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Roussillon(ro͞osēyôN`), small region and former province, S France, bordering on Spain along the Pyrenees and on the Mediterranean, part of the administrative region of Occitania. It is now roughly coextensive with Pyrénées-OrientalesPyrénées-Orientales
, department (1990 pop. 367,100), S France, in Roussillon, on the Mediterranean Sea. Perpignan is the capital.
..... Click the link for more information. dept. PerpignanPerpignan
, city (1990 pop. 108,049), capital of Pyrénées-Orientales dept., S France, near the Spanish border and the Mediterranean. It is a farm trade center, handling wine, fruits, and vegetables.
..... Click the link for more information. is the historical capital. Wine, fruit, and olives are the chief products of this fertile and densely populated region, which also has a tourist industry. The area has changed hands many times, from the Romans, who arrived c.121 B.C., through the Visigoths, the Arabs, the Carolingians, the Spaniards, the counts of Barcelona, and the kings of Aragón, France, and Majorca. Louis XIII conquered it from Spain in 1642, and French possession of the Catalan-speaking region was confirmed by the Treaty of the Pyrenees (1659).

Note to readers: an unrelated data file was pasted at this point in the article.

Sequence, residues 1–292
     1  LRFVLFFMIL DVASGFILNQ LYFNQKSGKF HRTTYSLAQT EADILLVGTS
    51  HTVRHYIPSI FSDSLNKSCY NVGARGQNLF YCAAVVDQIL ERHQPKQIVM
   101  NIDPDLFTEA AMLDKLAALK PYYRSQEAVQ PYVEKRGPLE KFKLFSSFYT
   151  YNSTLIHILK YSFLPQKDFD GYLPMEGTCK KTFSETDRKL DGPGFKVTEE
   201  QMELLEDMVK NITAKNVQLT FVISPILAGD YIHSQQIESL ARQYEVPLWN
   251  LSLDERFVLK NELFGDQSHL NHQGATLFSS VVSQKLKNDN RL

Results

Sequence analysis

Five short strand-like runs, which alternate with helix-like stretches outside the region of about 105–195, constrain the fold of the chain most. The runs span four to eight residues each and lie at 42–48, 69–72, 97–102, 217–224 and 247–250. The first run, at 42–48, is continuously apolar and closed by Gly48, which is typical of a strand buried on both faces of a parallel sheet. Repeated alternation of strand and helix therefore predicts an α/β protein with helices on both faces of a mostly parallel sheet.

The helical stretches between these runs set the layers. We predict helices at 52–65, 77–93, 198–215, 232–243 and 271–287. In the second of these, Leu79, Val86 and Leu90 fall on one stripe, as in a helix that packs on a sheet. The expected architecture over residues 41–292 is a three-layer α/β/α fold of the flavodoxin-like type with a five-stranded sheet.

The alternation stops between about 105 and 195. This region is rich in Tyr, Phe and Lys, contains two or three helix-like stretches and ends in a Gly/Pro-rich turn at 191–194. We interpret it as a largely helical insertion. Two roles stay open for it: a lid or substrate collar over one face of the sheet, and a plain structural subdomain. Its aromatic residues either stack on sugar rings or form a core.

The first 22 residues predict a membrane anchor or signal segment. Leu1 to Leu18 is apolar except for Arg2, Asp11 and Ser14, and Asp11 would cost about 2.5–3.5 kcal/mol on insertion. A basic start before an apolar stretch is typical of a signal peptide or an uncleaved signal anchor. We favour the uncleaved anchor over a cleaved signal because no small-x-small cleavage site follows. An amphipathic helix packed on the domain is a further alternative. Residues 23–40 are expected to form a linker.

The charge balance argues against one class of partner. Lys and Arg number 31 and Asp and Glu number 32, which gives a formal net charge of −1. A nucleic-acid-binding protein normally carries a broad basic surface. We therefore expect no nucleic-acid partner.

a historical region in southern France, located along the Mediterranean Sea and the Spanish border; the territory forms the present-day department of Pyrénées-Orientales.
The name “Roussillon” derives from the capital of the Sordons, a tribe that settled this region (in Latin, Ruscino). Circa 800, Roussillon was a countship in the state of Charlemagne (part of the Spanish March). In 915 the rule of the counts of Roussillon became hereditary.
In 1172, Roussillon passed by inheritance to the king of Aragon but remained under French sovereignty until 1258, when Louis IX yielded sovereign rights over Roussillon to the kings of Aragon. From 1276 to 1344 it belonged to the kingdom of Mallorca. In the 12th through 15th centuries, cities developed rapidly in Roussillon, particularly Perpignan, which became not only a major center for crafts, trade, and culture but also the capital of the kingdom of Mallorca. In 1463 the French king Louis XI annexed Roussillon, exploiting the king of Aragon’s request for help against the Catalonians, who rebelled in 1462. In 1493, under the Treaty of Barcelona, France returned Roussillon to Spain.
The long struggle between France and Spain over Roussillon ended in the 17th century. Under the provisions of the Peace of the Pyrenees in 1659, Roussillon was made part of France and became a French province. During the French Revolution, the province ceased to exist under the new system of administrative divisions. However, the Catalan language and a unique culture were preserved in the region.